By Dean Obeidallah
July 31, 2014
Palestine. My late father, Abdul Musa Obeidallah, was born there in the 1930s. When I say Palestine, that’s not a political statement. It’s just a statement of fact. When he was born, there was no state of Israel. There was no Hamas. No PLO. There were just people of different faiths living together on the same small piece of land called Palestine.
And to be honest, but for the Palestinian-Israeli conflict, I doubt you would’ve heard much about Palestinians. My father, like the seven generations of Obeidallahs born before him in his sleepy farming town of Battir, didn’t harbor grand dreams or bold plans. They lived a simple life of growing fruits, vegetables, and lots of olive trees. (Palestinians love olives!) Their biggest battles weren’t with other people, but with the elements.
Most of my Palestinian ancestors lived and died within a few miles of where they were born. That would likely have been my father’s path as well. But as we are all keenly aware, fate had far different plans.
I share this story because I think that lost in the current Gaza conflict is the story of the Palestinians as a people. Instead, they’ve been continually defined as being the “bad” part of the Israeli-Palestinian conflict. They’ve been broadly labeled as terrorists or seen as acceptable losses. Some Israeli leaders have alleged Palestinians don’t exist, or called them “cockroaches,” “crocodiles,” or a “cancer.”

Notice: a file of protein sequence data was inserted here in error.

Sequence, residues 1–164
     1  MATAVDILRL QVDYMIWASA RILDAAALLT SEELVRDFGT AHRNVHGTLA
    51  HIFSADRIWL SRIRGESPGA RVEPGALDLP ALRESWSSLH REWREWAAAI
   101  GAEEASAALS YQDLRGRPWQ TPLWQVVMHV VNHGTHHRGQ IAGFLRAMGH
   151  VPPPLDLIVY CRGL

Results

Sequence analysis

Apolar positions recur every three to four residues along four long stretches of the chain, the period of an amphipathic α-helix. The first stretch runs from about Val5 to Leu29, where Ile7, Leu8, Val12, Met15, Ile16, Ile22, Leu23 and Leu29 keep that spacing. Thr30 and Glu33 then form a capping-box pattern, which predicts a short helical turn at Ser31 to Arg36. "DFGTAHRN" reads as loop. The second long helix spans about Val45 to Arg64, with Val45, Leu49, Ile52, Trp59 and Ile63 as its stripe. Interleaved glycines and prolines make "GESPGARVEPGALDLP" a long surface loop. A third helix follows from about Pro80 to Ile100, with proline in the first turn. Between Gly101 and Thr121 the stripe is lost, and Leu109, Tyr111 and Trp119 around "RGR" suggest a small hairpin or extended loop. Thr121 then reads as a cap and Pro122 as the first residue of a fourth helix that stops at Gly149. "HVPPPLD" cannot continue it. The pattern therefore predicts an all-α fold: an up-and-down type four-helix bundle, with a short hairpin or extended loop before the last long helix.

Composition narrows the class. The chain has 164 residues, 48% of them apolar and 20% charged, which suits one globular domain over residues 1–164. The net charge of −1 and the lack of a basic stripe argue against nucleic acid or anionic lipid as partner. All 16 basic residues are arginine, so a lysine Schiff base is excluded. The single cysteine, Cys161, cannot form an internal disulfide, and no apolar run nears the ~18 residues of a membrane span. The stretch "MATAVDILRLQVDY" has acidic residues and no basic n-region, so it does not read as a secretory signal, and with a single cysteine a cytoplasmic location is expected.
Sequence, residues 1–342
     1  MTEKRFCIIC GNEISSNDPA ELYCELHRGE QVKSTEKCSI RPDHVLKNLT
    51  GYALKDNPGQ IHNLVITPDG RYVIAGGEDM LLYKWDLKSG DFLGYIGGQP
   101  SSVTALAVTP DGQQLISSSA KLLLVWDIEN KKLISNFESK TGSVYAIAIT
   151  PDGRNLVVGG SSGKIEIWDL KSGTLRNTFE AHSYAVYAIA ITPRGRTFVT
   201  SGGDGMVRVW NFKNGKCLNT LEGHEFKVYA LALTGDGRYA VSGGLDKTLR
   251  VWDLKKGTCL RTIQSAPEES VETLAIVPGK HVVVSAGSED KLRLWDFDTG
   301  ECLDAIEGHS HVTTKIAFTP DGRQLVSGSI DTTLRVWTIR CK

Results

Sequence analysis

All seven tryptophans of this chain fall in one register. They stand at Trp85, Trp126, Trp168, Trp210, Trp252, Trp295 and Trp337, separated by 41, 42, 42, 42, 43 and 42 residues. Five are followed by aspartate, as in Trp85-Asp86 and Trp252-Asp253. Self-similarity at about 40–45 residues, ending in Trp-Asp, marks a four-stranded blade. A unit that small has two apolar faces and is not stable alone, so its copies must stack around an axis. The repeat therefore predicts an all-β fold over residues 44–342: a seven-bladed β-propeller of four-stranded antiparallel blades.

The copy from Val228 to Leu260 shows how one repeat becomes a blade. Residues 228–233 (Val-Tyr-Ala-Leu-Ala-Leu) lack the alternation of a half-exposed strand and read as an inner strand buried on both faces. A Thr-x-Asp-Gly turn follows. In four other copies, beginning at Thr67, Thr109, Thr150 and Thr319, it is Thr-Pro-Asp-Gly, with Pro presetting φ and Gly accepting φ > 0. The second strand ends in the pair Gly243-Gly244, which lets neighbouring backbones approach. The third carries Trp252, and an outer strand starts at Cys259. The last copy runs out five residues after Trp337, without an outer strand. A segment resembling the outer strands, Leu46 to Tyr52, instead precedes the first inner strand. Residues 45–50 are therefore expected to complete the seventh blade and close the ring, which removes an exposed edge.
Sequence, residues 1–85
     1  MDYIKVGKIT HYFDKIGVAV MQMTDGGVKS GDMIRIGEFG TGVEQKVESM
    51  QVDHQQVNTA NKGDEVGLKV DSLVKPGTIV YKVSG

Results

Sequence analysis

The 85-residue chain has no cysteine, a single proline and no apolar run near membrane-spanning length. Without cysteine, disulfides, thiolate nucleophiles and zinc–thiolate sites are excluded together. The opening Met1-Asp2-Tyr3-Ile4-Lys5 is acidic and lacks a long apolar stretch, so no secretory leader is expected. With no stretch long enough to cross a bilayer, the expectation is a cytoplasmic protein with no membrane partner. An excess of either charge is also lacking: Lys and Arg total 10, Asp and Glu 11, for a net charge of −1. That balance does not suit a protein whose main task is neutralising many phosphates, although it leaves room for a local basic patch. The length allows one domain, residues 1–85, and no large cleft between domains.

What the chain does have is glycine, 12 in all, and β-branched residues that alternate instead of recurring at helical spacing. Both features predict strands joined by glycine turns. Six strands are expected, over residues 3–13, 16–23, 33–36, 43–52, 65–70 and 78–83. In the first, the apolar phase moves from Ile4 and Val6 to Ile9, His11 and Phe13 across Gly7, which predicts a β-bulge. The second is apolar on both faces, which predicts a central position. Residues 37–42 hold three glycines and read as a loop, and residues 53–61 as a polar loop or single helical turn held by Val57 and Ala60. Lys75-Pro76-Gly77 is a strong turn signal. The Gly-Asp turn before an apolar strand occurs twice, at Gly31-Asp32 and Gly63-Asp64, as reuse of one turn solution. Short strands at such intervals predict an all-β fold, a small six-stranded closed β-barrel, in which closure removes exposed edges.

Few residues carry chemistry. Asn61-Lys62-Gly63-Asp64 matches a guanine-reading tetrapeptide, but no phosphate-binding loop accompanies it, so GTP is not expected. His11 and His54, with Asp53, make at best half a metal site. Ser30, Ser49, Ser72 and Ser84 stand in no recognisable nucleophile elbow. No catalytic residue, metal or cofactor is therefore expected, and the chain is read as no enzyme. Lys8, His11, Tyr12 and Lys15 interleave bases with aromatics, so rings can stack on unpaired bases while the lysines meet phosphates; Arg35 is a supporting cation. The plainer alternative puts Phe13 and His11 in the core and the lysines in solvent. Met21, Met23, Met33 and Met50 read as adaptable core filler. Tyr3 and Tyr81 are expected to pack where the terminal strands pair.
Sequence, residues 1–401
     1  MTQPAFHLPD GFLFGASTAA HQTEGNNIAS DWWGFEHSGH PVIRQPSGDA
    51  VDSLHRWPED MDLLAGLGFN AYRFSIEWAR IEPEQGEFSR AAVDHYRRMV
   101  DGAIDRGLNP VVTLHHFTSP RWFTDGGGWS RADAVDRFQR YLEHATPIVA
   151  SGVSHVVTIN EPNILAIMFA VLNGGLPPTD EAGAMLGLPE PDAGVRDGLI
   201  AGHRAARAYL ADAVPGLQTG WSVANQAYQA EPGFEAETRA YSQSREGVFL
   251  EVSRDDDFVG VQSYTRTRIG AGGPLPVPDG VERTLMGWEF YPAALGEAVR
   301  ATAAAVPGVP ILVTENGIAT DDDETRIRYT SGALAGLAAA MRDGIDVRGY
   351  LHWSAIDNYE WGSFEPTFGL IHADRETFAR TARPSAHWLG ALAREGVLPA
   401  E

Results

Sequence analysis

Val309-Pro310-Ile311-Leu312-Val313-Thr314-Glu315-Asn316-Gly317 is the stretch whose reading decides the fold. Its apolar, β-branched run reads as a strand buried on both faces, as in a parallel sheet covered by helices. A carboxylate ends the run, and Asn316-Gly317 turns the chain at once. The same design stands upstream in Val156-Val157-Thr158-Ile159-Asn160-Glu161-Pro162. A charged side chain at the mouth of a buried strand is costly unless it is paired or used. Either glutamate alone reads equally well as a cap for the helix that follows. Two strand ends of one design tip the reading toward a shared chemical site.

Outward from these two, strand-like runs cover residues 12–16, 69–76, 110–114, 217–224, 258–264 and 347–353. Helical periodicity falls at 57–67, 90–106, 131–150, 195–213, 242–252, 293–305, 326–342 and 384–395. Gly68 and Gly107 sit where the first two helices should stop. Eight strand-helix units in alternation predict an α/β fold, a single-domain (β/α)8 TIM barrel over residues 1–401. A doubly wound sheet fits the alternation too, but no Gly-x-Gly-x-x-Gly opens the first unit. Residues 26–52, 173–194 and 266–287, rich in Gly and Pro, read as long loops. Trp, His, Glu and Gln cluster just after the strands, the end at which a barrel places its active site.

As you might imagine, being Palestinian is unique. When you tell someone you’re of Palestinian heritage, it’s not just an ethnicity, it’s a conversation starter. In fact, just saying the word Palestine inflames some. People will tell me to my face that there has never been a Palestine and there are no such thing as Palestinians. To them, I guess Palestinians are simply holograms.
When I ask these people what the land where Israel is now located was called before 1948, they tend to stammer or offer some convoluted response. The answer is simply Palestine. Not a big deal, really.
Indeed, the United Nations debate in 1947 over the creation of the state of Israel was described in terms of the “question of Palestine.” The U.N. even explained in its official summary that “It is recognized that Palestine is the common country of both indigenous Arabs and Jews, that both these peoples have had an historic association with it,” adding that “Palestinian citizens, as well as Arabs and Jews who, not holding Palestinian citizenship, reside in Palestine.” It’s hard to hold legal citizenship of a place that doesn’t exist.
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